This past Sunday afternoon found Sue Klebold, author of A Mother’s Reckoning: Living in the Aftermath of Tragedy, speaking to an audience assembled in UVa’s Culbreth Theater. Sponsored by the 23rd Annual Virginia Festival of the Book, the event featured a conversation with Ms. Klebold moderated by Dr. Richard Bonnie, a professor and Director of the Institute of Law, Psychiatry, and Public Policy at the University of Virginia.
Sue Klebold is the mother of Dylan Klebold, one of the two gunmen responsible for the Columbine High School shootings that took place on April 20th, 1999 in Littleton, Colorado. Described as a “mother, writer, survivor, and advocate” by Dr. Bonnie, Klebold’s recent book traces her fifteen year search for understanding in the wake of the tragedy of Columbine.
During her presentation, Klebold spoke about the immense grief, humiliation, and trauma that she experienced as a result of her son’s role in the shootings. According to Klebold, “It would take years for me to understand what happened and why. Depression doesn’t explain what happened, but it’s a piece of the puzzle.”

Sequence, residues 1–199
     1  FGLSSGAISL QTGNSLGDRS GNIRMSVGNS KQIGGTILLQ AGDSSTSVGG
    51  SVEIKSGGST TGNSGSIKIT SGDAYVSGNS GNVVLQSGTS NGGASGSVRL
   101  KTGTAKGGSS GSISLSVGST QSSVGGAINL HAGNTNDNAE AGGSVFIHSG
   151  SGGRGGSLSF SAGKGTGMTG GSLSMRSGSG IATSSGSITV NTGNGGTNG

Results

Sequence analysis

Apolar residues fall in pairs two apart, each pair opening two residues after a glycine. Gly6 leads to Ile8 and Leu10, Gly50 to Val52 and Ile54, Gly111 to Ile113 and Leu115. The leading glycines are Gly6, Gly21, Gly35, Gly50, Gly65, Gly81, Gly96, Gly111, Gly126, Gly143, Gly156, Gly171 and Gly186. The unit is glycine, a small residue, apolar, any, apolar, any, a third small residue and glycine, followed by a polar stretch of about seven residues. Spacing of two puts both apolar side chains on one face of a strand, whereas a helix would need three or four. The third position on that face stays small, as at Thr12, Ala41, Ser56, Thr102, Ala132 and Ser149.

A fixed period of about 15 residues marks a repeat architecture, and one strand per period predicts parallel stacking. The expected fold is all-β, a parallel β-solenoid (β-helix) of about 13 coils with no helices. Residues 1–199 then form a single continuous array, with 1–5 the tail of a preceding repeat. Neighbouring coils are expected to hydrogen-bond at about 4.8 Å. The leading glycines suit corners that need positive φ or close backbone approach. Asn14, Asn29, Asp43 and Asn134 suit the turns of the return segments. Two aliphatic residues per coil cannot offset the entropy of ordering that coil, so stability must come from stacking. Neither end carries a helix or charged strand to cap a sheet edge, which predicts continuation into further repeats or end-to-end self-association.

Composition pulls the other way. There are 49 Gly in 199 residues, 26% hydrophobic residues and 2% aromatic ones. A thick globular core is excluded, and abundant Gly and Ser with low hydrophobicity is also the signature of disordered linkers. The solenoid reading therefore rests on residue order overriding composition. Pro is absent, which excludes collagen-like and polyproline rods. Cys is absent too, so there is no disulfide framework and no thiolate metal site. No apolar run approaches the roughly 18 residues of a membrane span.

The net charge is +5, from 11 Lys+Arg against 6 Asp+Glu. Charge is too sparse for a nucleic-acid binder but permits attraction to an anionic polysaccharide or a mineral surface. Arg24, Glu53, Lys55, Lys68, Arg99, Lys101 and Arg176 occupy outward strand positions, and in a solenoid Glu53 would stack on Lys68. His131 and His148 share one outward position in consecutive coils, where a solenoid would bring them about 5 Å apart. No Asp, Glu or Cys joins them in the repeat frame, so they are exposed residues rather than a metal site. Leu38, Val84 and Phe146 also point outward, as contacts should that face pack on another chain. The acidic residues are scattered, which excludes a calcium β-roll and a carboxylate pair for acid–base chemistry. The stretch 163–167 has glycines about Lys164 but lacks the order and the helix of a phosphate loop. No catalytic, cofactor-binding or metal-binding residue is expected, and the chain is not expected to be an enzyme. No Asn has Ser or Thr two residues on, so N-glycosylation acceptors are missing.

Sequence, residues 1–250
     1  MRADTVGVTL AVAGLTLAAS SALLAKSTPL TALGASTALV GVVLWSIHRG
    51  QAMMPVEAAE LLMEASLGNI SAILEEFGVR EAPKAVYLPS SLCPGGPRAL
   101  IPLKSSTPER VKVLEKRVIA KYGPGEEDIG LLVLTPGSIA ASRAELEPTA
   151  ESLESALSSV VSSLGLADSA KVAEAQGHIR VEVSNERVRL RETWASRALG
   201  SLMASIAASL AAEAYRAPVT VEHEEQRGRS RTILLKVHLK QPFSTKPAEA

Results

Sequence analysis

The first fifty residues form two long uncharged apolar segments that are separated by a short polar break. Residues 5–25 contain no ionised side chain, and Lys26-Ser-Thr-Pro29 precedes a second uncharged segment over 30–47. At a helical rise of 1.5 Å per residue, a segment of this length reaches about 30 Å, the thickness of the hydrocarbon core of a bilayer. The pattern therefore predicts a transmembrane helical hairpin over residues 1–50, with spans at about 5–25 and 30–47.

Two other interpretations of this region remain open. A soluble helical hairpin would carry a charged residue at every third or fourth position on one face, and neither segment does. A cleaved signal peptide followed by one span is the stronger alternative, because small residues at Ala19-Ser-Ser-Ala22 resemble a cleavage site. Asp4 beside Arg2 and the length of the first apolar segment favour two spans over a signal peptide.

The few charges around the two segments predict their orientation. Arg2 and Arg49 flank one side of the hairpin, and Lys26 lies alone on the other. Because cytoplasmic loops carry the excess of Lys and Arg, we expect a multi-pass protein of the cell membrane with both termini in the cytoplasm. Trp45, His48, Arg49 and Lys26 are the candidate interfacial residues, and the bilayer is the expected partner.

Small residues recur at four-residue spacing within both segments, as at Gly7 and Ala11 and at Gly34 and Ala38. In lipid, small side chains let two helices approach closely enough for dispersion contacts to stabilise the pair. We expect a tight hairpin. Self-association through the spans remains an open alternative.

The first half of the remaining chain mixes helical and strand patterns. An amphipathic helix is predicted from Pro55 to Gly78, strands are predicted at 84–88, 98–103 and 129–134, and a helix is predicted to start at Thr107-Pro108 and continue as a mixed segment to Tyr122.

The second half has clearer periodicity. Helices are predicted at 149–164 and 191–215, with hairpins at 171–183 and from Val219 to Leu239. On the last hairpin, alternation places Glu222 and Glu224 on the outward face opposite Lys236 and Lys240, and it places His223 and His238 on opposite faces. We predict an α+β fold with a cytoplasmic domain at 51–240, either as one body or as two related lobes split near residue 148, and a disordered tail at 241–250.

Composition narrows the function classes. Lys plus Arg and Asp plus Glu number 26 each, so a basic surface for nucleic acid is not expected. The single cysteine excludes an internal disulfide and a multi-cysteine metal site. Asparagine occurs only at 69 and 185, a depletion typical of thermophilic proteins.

Klebold explained that much of the blame in the days and months following the tragedy was directed at her parenting skills. Ms. Klebold has often found herself asking and being asked the question, “How could you not know?”, in reference to her son’s psychological deterioration.
In the years since the Columbine shootings, Ms. Klebold has dedicated her life to the advancement of mental health awareness and intervention. Indeed, all of the author profits from Klebold’s book will be donated to various organizations committed to mental health purposes, including the National Alliance on Mental Illness (NAMI) and the American Foundation for Suicide Prevention (AFSP).
Klebold’s book is part of a larger process of trying to understand the intersection between mental health problems and violence that came to define her life and so many others through the shootings at Columbine. By focusing on “brain illness”, Klebold hopes that her book will bring awareness to the mental issues that often begin in those under the age of twenty-four.
A Mother’s Reckoning: Living in the Aftermath of Tragedy can be purchased at the UVa Bookstore. For more information about Ms. Klebold’s book, please visit http://amothersreckoning.com